CDC’s Division of Nutrition, Physical Activity, and Obesity develops and shares evidence-based approaches that help make healthy living easier for everyone, which can help people reduce their risk of cancer. To promote good nutrition, the division works with hospitals to support breastfeeding moms, child care centers to adopt healthy eating standards, and workplaces to change policies so that employees have more healthy food choices. To increase physical activity opportunities, the division partners with state and local governments to promote improvements in community design, such as sidewalks and parks, that make physical activity safer and more convenient for people of all ages and abilities.

grandfather and girl cutting lettuce
RISK FACTOR

Excessive Alcohol Use

Excessive alcohol use, either in the form of binge drinking (5 or more drinks on an occasion for men or 4 or more drinks on an occasion for women) or heavy drinking (15 or more drinks per week for men or 8 or more drinks per week for women), increases the risk of cancer of the breast (in women), liver, colon, rectum, mouth, pharynx, larynx, and esophagus. About 17% of US adults report binge drinking, and 6% report heavy drinking.

CDC’s Response

CDC’s Alcohol Program works to strengthen the scientific foundation for preventing excessive alcohol use, which is a risk factor for cancer. The program developed the Alcohol-Related Disease Impact (ARDI) application, which allows users to  estimate deaths and years of potential life lost from excessive alcohol use. The program also funds and guides scientists in some states to study excessive drinking so that state leaders have the information they need to change policies and environments to prevent this key health risk.

soft focus image of a man with a glass of alcohol in his hand.
RISK FACTOR

Infectious Diseases

Human papillomavirus (HPV) causes most cervical cancers, as well as some cancers of the vagina, vulva, penis, anus, rectum, and oropharynx (cancers of the back of the throat, including the base of the tongue and tonsils). The HPV vaccine helps prevent most of these cancers and is most effective when given in two doses, about 6 to 12 months apart, starting at age 11 or 12. Nationwide, 60% of boys and girls have received at least one dose of the HPV vaccine. That means many preteen boys and girls have not been vaccinated against HPV, leaving them vulnerable to cancers caused by HPV infections.

Many liver cancer cases are related to the hepatitis B or hepatitis C viruses. The hepatitis B vaccine can help lower liver cancer risk and is recommended for all infants and unvaccinated children and some groups of unvaccinated adults. There is no vaccine for hepatitis C, but many people can benefit from treatment options that can eliminate the virus from the body and prevent further liver damage. Many Americans with hepatitis C are not aware of it. CDC recommends that anyone who was born from 1945 to 1965 get tested for hepatitis C.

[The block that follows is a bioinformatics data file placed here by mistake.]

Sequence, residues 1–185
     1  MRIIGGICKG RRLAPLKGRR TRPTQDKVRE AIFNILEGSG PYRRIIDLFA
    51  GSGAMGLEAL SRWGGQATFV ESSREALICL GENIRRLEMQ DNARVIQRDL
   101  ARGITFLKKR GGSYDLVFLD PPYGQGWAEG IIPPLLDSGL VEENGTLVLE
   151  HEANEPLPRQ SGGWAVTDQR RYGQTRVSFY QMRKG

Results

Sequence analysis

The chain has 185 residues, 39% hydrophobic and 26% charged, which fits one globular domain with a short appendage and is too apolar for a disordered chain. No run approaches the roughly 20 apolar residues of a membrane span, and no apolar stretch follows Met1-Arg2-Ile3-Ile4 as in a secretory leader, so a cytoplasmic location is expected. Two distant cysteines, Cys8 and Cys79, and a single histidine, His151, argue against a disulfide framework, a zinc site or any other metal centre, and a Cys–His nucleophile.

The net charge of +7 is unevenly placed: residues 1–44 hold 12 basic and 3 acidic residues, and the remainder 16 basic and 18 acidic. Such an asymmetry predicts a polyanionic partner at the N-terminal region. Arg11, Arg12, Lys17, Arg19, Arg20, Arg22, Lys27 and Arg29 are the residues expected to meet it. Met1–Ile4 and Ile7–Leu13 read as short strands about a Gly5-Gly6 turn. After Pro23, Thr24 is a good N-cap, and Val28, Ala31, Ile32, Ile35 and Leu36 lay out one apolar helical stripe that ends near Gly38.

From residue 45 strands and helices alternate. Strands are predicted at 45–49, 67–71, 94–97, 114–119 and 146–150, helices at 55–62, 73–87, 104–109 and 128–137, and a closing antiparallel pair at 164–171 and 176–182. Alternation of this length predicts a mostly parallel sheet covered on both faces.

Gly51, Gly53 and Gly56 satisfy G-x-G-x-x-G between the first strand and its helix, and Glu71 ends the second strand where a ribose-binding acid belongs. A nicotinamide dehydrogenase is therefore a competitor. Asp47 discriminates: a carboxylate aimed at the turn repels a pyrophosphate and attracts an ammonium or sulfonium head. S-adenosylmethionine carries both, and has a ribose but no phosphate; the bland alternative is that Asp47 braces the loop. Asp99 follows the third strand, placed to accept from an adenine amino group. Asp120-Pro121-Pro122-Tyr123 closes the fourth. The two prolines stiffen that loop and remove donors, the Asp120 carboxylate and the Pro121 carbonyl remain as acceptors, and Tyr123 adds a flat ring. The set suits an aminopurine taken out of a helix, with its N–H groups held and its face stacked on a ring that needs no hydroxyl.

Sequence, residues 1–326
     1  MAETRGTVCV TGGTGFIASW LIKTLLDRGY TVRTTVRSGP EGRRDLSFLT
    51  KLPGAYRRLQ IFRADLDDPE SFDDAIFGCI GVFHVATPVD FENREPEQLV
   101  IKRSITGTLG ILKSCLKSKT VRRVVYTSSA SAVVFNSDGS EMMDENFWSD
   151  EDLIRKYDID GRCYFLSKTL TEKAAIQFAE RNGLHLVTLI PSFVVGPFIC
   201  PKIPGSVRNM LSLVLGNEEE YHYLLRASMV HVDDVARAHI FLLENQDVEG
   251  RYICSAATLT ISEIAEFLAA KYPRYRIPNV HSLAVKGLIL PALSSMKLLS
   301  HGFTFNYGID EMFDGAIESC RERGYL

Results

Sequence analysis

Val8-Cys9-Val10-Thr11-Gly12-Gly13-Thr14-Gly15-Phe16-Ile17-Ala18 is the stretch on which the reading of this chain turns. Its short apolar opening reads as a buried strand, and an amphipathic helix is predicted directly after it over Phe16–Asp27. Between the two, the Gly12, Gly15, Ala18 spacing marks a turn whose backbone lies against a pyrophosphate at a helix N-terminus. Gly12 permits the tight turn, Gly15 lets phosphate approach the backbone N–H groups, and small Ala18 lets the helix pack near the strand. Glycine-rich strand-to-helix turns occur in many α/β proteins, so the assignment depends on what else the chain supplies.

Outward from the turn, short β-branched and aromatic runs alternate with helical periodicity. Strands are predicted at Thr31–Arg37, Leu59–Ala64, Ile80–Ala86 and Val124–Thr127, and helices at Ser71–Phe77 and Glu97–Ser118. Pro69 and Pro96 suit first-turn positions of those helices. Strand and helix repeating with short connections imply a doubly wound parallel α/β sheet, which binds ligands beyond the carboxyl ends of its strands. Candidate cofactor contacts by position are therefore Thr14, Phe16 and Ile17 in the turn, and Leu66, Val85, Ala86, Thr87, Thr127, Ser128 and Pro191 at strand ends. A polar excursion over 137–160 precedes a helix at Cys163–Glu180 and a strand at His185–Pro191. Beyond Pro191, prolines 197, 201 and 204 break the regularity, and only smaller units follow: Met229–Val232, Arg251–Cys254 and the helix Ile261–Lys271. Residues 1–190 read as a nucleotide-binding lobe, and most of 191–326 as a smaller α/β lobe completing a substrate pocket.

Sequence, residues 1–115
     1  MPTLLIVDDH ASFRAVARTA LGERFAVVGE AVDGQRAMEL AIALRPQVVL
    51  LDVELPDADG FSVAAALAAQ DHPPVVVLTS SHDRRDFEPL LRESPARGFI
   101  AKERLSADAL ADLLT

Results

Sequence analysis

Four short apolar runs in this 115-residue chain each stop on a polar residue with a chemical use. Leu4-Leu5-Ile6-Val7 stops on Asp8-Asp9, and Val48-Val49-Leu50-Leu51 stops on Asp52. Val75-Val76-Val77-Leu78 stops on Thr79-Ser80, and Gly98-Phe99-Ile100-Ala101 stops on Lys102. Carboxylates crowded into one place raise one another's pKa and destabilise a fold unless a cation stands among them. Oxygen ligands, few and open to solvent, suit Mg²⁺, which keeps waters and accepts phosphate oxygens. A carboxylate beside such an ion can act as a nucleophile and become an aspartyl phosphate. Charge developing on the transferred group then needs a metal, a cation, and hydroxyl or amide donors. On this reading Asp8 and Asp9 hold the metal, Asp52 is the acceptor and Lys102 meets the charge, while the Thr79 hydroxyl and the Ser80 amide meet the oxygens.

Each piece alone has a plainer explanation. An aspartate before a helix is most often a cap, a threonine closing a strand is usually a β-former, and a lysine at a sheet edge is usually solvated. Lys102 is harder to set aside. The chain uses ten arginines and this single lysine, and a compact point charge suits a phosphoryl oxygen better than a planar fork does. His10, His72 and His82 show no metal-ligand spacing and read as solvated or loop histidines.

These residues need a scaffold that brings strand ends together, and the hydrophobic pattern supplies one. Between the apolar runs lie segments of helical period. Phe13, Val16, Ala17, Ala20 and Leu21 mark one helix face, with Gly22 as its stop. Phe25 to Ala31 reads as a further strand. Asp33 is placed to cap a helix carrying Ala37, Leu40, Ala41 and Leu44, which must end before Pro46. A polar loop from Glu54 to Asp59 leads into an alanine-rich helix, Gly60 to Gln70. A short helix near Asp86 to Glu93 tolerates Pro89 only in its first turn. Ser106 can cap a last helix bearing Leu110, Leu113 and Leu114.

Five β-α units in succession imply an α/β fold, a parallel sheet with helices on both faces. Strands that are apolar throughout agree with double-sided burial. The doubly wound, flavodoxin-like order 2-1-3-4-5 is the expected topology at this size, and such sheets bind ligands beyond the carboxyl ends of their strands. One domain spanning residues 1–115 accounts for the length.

CDC’s Response

DCPC leads efforts to use cancer registry data to estimate how many HPV-associated cancers occur in the United States. The National Breast and Cervical Cancer Early Detection Program helps reduce deaths from cervical cancer by expanding access to cancer screening services. The Inside Knowledge About Gynecologic Cancer campaign raises awareness among women and health care providers about the five main types of gynecologic cancers: cervical, ovarian, uterine, vaginal, and vulvar. DCPC also collaborates with CDC’s Division of Viral Hepatitis on liver cancer prevention activities that align with national recommendations.

Screening to Prevent or Catch Cancer Early

Getting recommended screening tests can help prevent colorectal and cervical cancers. Screening for adults at normal risk can also find breast, cervical, and colon cancers early, when treatment works best. However, screening rates for these cancers remain below national targets set by Healthy People 2020, the nation’s agenda for improving the health of all Americans.

DCPC runs the Colorectal Cancer Control Program, which funds 23 states, 6 universities, and 1 American Indian tribe to increase colorectal cancer screening among men and women aged 50 or older. CDC’s National Breast and Cervical Cancer Early Detection Program funds programs in all 50 states and the District of Columbia to provide access to breast and cervical cancer screening for low-income women with little or no health insurance.

image of a healthcare provider and a patient reviewing information on a tablet together

CDC also uses media campaigns to educate people about the importance of cancer screenings. For example, the Bring Your Brave campaign is designed to inspire women under age 45 to learn their risk of breast cancer and talk with their doctor about how to reduce it. The Inside Knowledge campaign raises awareness about gynecologic cancers. The Screen for Life: National Colorectal Cancer Action Campaign raises awareness about colorectal cancer screening.

Data Collection Key to CDC’s Efforts

To help Americans prevent cancer—or catch it early when possible—we need to know what cancers are being diagnosed, in what groups, and where. CDC’s National Program of Cancer Registries collects data for all notifiable cancer cases in the United States. The National Comprehensive Cancer Control Program funds states, territories, and tribes to use CDC surveillance data to learn more about the cancers and risk factors that affect their communities, create and follow plans to reduce cancer risk and improve cancer outcomes, and reduce disparities in rates of cancer and access to cancer care.

Cancer Cdc-pdf[PDF – 2 MB]

Page last reviewed: April 11, 2019